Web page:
To avoid front running that is too easy, you should avoid putting maximum or minimum buyback execution prices.

The ideas proposed by @seba are interesting. We can create another discussion with related proposals.

Like your writing, but even you are not sure frax is profitable or not. I think that is depends on definition of profitable.
But I do see Frax in disaster after both fip-77 & 79 at current market condition.

FRAX will be fine… FXS might wobble about a bit.

sorry, I mean Frax protocol

They would use Frax over USDC because it is more decentralized and less likely to get blacklisted because of something that happened 10 transactions ago that had nothing to do with them

Can you give an example of what kind of incentives you mean that would impact those questions directly?

is this still being considered?

If this proposal passes we should at least be explicit about what we are we going to do with the current FXS1559 buybacks (will they continue?), we have spent over 20m in buybacks. Also, since the motivation is to buy because we think FXS is undervalued we should establish how much we think a proper valuation is and only buy FXS when it is under that value (imo it should be something in the range $4-7, leaning closer to $5), we can already see that the news of this proposal have pumped the price so it’d be dumb to buy from frontrunners. Finally, since the FRAX-FXS pool is concurrently beign unlocked, we should wait at least until that happens to prevent the expected sellers to use the protocol funds as exit liquidity.

Reposting from Telegram:

I think @seba_tldr is raising some quite convincing counterarguments against the buyback.

TLDR, yes we have the money, but this doesnt really help the protocol in the long term in the best possible way.

IMO, All we do are interfering in the free market to distort prices in favour of exiting whales. Giving me 2008 bailouts vibes tbh… If we dont interfere; yes FXS price will go down for a while. But it doesnt affect the peg (a factor + pol + locked frax) and it rewards LT committed veFXS holders. As it should be.

The suggestion mr rock makes seems good as well, incentivize other daos to lp their gov tokens w frax by distributing fxs to them. This seems like a good idea to foster frax adoption through the defi ecosystem. Expanding on this; why dont we couple this w low-zero interest loans to these protocols provided they max lock fxs as vefxs as collateral? That seems like a compelling value proposition for daos vs usdc or dai.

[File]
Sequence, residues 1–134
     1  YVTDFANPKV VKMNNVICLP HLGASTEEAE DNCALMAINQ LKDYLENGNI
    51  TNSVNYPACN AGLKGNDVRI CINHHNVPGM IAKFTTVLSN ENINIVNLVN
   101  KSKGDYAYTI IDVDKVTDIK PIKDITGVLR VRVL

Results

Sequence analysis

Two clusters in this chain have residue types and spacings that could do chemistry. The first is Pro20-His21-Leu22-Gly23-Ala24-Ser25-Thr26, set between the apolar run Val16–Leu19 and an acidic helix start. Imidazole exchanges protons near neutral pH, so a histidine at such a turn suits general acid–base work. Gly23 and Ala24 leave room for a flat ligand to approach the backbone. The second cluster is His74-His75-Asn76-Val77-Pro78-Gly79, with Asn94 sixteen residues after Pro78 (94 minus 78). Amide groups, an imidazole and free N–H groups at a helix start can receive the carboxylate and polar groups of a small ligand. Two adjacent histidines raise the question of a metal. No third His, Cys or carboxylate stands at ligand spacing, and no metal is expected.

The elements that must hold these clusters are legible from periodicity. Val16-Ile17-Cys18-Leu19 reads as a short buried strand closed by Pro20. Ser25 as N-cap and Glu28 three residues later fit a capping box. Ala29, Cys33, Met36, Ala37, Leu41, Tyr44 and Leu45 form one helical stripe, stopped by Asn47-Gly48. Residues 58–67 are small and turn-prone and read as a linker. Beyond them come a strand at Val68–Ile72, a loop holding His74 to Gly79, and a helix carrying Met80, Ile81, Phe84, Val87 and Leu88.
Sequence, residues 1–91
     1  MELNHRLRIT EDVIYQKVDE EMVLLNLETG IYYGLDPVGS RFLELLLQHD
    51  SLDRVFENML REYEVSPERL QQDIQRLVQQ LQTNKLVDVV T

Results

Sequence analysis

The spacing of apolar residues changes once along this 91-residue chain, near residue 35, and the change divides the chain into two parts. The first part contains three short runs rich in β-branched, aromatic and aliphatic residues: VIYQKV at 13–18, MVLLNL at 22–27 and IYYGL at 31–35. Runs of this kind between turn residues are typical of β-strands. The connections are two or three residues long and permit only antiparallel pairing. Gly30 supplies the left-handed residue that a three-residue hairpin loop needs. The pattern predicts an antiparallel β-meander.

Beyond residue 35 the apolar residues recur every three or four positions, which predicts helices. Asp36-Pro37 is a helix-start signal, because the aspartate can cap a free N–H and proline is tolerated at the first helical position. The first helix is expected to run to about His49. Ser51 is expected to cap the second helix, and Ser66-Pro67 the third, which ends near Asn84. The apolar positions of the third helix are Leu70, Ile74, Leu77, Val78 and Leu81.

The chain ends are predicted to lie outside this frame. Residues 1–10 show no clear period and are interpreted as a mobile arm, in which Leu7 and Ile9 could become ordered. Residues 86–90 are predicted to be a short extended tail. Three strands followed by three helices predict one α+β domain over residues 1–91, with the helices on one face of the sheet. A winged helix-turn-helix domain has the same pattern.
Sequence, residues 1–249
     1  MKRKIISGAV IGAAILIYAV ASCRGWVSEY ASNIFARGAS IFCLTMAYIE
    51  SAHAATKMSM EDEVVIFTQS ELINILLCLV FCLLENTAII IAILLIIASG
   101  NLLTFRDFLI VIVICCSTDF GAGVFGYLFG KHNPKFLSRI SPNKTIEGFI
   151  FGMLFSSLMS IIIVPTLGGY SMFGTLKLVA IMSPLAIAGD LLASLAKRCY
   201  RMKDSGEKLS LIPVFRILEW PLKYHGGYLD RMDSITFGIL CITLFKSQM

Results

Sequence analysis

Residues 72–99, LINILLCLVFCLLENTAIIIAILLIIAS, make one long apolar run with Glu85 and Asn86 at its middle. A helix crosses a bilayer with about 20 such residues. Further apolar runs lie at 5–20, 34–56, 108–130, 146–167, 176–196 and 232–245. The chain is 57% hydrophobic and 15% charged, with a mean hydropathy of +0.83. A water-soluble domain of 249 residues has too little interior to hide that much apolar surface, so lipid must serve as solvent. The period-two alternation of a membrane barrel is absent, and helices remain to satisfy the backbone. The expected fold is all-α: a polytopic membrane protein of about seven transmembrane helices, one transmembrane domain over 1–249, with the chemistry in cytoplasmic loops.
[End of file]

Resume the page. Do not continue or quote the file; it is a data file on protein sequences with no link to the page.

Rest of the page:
Thanks a lot for your contribution @seba_tldr. It is this type of constructive criticism that makes fxs a comfortable hold despite the vicious drawdown. The good thing is that we see more and more high quality engagement from more big brains in our growing community. Thank you!

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If markets were perfectly efficient then a token buyback shouldn’t affect FXS’ market cap – funds are redirected from future growth initiatives as a “distribution” to the rest of the tokenholders leaving the value per token being the same. Obviously that hasn’t been the case since FXS’ price has responded to the upside versus other crypto which I think is due to the team’s assessment that the market is not pricing FXS properly given its future prospects. The buyback proposal from the team is a strong signal to the market since they have full knowledge of the project roadmap.
The real value of this buyback will be to maintain this “signal” to support investors’ expectation of FXS growth prospects and therefore FXS price. Now, how does Frax broadcast this signal?

If the signal is too explicit, such as a price/quantity target (buy below $4 and/or X FXS per day), it would just serve to attract predatory capital that attempts to profit off the known parameters of the buyback. However, if the signaling is unbounded, the protocol could lose an opportunity to set stronger market expectation. Here are some thoughts that we could include into the buyback proposal.

• Price target should be in ETH or BTC terms in order to distinguish between FXS’ price action being due to broader crypto factor or specific to FXS.

• Combine explicit targets and team discretion (on pace and quantity) with a program duration to revisit the buyback program. For example, minimum of FXS purchased per week through TWAMM, with team discretion/rules to toggle to higher amount. After X weeks/months/years, the program ends with the remaining FRAX going back to the protocol for use in growth initiatives. I think it’s important that the team has some discretion so that all parameters having to do with quantity and pace are not set in stone to introduce risk to frontrunning the program (with price cap being explicit)

• As @seba said, Frax is an early stage start-up with little capacity to return capital to its tokenholders vs. funding future initiatives. While we’re building these initiatives, the buyback program may be appropriate to buoy expectations – then when the program expires, any remaining funds can be put to use to further those ends (expanding team, lending, etc.)